1.8 Million-Year-Old Hominid Jaw Found

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Ian Tattersall, curator in the department of anthropology at American Museum of Natural History in New York, New York, said he is confident the authors made a solid observation about the match between ER 1470 and H. habilis but it is not proof.

"Too bad that the Homo habilis type is a mandible and this is a maxilla [upper jaw], because if OH 7 and ER 1470 are the same thing, then habilis and rudolfensis would indeed be synonyms," he said.

Blumenschine and his colleagues also suggest that several other fossils currently assigned to H. habilis are misfits because of smaller brain sizes and other details and should therefore be renamed. "What we are arguing is a reshuffling of specimens," said Blumenschine.

Tattersall says claims that a new fossil find will cause a reshuffling of the deck are "de riguer" among those who make a living out of digging up old artifacts and bones but are not prudent.

"When Leaky was working at Olduvai in 1960 and thereabouts, it may have been possible to make such a claim. But the hominid fossil record is now so big that it is unlikely that any one fossil will totally revolutionize interpretation," he said.

Tools and Butchered Bones

Blumenschine and colleagues were in Tanzania as part of a multi-year, multi-disciplinary program to figure out the adaptive strategies the early hominids evolved in order to survive over the entire area of the Olduvai Lake Basin.

Earlier research suggested that the hominids spent most of their time on the eastern side of the lake, which lay closer to the volcanic highlands, a major source of freshwater.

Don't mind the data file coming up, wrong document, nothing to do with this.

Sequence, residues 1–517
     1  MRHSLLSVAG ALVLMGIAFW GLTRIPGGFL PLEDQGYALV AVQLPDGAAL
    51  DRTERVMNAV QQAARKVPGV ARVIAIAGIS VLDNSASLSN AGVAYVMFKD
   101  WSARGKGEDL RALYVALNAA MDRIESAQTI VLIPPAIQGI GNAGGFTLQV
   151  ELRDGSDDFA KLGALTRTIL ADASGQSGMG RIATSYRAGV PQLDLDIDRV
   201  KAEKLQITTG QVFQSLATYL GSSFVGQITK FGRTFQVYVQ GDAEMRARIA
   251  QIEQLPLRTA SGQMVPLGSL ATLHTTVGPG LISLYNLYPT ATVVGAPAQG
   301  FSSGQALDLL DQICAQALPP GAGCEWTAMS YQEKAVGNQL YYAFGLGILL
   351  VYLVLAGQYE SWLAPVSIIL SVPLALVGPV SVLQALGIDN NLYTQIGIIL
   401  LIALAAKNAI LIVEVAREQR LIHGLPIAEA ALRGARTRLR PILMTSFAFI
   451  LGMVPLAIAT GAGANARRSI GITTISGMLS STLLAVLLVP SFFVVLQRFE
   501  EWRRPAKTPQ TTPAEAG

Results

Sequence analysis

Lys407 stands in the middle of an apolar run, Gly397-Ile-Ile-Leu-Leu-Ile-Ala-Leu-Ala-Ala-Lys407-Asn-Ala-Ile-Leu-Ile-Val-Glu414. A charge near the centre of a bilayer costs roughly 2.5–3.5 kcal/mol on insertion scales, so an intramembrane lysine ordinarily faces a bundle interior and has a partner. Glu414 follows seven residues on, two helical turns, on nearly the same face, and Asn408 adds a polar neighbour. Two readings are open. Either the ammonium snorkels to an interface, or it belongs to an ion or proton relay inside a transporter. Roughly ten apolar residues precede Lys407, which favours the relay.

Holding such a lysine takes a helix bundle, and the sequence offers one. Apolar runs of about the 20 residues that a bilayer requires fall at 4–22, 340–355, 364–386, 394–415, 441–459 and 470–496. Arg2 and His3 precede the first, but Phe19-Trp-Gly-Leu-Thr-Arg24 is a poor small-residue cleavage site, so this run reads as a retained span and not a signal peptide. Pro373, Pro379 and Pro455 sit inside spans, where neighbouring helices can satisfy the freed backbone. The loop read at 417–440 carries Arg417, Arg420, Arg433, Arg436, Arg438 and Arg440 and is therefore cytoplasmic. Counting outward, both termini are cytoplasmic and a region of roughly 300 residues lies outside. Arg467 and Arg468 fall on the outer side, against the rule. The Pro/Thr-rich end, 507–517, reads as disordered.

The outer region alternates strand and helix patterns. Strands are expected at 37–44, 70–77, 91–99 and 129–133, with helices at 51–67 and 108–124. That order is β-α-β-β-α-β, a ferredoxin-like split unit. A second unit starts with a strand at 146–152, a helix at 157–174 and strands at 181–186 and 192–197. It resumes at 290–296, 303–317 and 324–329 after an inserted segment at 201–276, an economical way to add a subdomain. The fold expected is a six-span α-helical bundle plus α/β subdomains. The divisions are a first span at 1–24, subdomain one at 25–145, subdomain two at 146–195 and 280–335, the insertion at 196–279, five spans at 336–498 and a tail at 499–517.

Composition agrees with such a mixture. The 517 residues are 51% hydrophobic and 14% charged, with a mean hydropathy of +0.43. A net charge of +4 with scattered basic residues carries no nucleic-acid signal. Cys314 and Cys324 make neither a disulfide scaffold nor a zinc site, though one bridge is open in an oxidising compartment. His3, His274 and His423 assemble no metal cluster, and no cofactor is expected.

Blumenschine and Charles Peter, a co-author of the paper and researcher at the University of Georgia in Athens, hypothesized that the hominids might occasionally migrate to the lake basin's drier western side during wetter periods.

The research team was excavating trenches on the western side of the gorge when they unexpectedly found the hominid fossil in 1995 along with stone tools and bones from larger animals that have marks made by stone knives and hammers.

"Most of the stone tools were made from material that can be found locally near the western gorge, but a few tools were made of material derived from the volcanic highlands to the east," said Blumenschine.

This is evidence, he said, that the hominids carried some of their tools with them as they trekked 12 to 16 miles (20 to 25 kilometers) around the lake, which fits in with the researchers' general models of how the early hominids used the lake.

"Such a migratory, resource- and shelter-based pattern indicates behavioral flexibility and an adaptable lifestyle of these early Homo people," said Phillip Tobias, a paleoanthropologist at the University of Witwatersrand in Johannesburg, South Africa, in an accompanying perspective in Science.

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Additional National Geographic Resources
Interactive Feature: Outpost: In Search of Human Origins
National Geographic magazine online: Who Were the First Americans?

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